The technology revolution in vision therapy
There is currently a technology revolution going on in vision therapy. The falling costs of virtual reality and eye tracking technologies along with universal adoption of mobile devices have sparked hundreds of startups in the entertainment space. Some of these startups have found their way into the eye care field and the results have been impressive, to say the least.
This year’s COVD Annual Meeting in Jacksonville, FL was the ultimate showcase of cutting edge tech in vision therapy.
In office therapy
Vivid Vision was the first company to bring virtual reality technology to vision therapy two years ago. Since then they have grown their therapy offerings to include 13 immersive exercises that are used to help treat amblyopia, strabismus and vergence disorders.
The platform uses VR headsets that combine two high-resolution OLED displays to create a rich stereoscopic experience for the user.
The doctor or therapist supervising the therapy session can independently adjust the clarity, contrast and depth cues being delivered to each eye. This adjustability allows for easy loading of bi-ocular and binocular activities based on the patient’s abilities.
Optics Trainer made a splash at the conference with their eye-tracking therapy platform. The system offers fun simple games where the user controls the game via their eye movements.
The games train oculomotor skills, peripheral awareness, and visual information processing. Being able to control a game with nothing more than your eyes is an oddly satisfying experience that most people can’t fully appreciate until they try it themselves.
Eye Carrot showcased a new app called Binovi which was designed to maximize the benefits of home vision therapy.
The app supports patients during home therapy by offering instructional videos and access to live help via chat. The app also has built-in tools to help patients complete therapy exercises such as timers and metronomes. Best of all, it sends reminders to patients to complete their home exercises in order to improve compliance.
Vivid Vision’s home therapy system is a companion to the in-office system and offers VR vision therapy at home by utilizing Samsung’s Gear VR system. Gear VR consists of a Samsung Galaxy S-series phone and the Gear VR headset. The patient purchases this hardware on their own and uses it in conjunction with the Vivid Vision app. Each user has an individualized profile which loads specific exercises and settings determined by their doctor.
Sports Vision Therapy
Some of the most impressive in technology in the sports vision arena were showcased by Senaptec. Their trobe training goggles are likely the most well-known device of all the devices mentioned thus far thanks to its use by high profile athletes like Stephen Curry and Kawhi Leonard.
The goggles intermittently occlude the athlete’s eyes in a pattern and frequency that is wirelessly programmed by the trainer via the included app. Training with these goggles helps athletes improve visual information processing speed and promotes visualization.
The company also showcased their Sensory Station system which uses a large touch screen display to assess several vision skills such as visual acuity, contrast sensitivity, and stereopsis.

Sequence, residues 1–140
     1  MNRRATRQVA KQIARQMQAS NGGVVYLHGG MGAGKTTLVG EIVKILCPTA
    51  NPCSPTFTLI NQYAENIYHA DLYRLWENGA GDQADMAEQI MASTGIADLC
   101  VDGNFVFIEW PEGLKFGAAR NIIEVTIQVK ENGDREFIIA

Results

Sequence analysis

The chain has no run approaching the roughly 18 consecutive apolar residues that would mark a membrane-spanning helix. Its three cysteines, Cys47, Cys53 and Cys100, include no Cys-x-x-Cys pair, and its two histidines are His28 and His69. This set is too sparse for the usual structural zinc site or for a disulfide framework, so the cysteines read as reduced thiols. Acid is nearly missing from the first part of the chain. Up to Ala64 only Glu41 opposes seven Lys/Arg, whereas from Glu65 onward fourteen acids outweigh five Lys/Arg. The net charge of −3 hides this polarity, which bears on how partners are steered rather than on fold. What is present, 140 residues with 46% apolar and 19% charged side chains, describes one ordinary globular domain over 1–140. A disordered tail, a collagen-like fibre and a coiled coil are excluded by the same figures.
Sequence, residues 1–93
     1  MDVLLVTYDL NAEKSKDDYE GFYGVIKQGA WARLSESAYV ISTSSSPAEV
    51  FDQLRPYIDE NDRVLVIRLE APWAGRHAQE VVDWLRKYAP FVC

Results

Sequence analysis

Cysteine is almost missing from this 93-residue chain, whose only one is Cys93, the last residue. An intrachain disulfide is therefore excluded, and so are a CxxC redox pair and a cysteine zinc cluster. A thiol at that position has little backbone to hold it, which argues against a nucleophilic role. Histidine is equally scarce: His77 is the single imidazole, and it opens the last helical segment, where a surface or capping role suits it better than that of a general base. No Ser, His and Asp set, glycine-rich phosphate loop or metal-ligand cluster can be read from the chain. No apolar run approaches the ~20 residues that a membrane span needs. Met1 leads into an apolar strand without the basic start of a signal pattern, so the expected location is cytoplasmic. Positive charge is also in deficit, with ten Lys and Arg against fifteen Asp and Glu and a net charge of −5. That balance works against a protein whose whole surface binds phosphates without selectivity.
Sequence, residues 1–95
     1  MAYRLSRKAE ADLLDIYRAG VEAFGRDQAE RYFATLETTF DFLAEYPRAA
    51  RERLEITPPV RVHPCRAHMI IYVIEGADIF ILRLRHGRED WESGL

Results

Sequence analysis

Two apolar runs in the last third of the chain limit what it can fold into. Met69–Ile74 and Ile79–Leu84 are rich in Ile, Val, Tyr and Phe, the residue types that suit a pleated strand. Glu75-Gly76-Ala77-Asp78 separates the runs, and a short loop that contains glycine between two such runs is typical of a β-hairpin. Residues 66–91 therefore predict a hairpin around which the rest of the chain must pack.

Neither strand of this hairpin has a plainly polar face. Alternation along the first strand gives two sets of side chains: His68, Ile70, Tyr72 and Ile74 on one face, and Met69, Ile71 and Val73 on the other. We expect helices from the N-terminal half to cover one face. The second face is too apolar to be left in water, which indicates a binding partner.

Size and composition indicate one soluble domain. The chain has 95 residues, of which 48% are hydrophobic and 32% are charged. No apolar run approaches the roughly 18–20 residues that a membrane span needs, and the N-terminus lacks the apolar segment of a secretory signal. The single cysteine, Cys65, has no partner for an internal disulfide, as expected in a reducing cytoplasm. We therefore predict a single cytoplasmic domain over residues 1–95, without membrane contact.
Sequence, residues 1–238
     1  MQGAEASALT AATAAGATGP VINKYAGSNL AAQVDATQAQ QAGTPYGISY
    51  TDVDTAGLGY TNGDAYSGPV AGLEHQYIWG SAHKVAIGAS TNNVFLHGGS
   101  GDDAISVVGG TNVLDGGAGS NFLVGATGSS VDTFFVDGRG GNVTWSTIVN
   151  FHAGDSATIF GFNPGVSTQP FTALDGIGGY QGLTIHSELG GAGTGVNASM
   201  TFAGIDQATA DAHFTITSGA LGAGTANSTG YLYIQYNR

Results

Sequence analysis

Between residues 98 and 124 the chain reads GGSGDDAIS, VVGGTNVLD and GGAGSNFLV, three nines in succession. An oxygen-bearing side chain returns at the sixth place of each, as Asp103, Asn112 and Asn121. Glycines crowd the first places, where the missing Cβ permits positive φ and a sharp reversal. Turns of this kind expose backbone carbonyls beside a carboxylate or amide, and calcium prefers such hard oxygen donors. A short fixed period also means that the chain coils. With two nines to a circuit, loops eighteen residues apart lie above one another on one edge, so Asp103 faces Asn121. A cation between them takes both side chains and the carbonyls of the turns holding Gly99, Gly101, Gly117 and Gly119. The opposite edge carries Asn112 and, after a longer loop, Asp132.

The system also assesses sensory-motor and cognitive skills and offers a training platform to enhance those skills. The feature that sets the Sensory Station from similar products is the fact that it allows you to compare any athlete’s performance to that of thousands of athletes whose stats are stored on Senaptec’s cloud database.
The comparison can be narrowed down by sport, position played and level of competition. The database currently has data from youth sports to the top professional athletes and it grows as new data is automatically uploaded to the cloud from existing users.
This new generation of vision therapy technology is clearly impressive, but it begs the question: Can these devices be practical therapy tools in the average optometric practice? Or are they purely a novelty?
Time will tell, but it’s clear to see that this generation of therapy technology has unique features that can’t be matched by traditional therapy modalities. These features include:
Digital infrastructure: Practitioners can improve productivity within their practice by using digital therapy systems to reduce the time spent on setting up, dismantling and maintaining physical therapy tools from one therapy session to the next.
Built-in automation: The automated data collection and aggregation features within these tools have the potential to improve the quality of in-office therapy sessions by allowing vision therapists to be more engaged with the patient and less occupied with data collection.
Entertainment value: Imagine patients being as excited to do vision therapy as they are about watching a 3D movie or playing an immersive video game. What could this type of engagement do for patient compliance and progress in therapy?
WOW factor: It’s not easy for patients to appreciate the sophistication of most optometric equipment because most of our equipment is only intended to be understood by OD’s.
The hardware in these new therapy devices, on the other hand, was crafted by the entertainment industry with the intent of being universally enjoyed and appreciated. The wow factor from these advanced technologies will inspire patient confidence in vision therapy and promote buy-in.
The platforms mentioned here are the first of a new wave of cutting edge tools that will enable optometrist to provide care in ways that we may not fully appreciate today. It’s an exciting future for vision therapy and for the patients who will be served by it.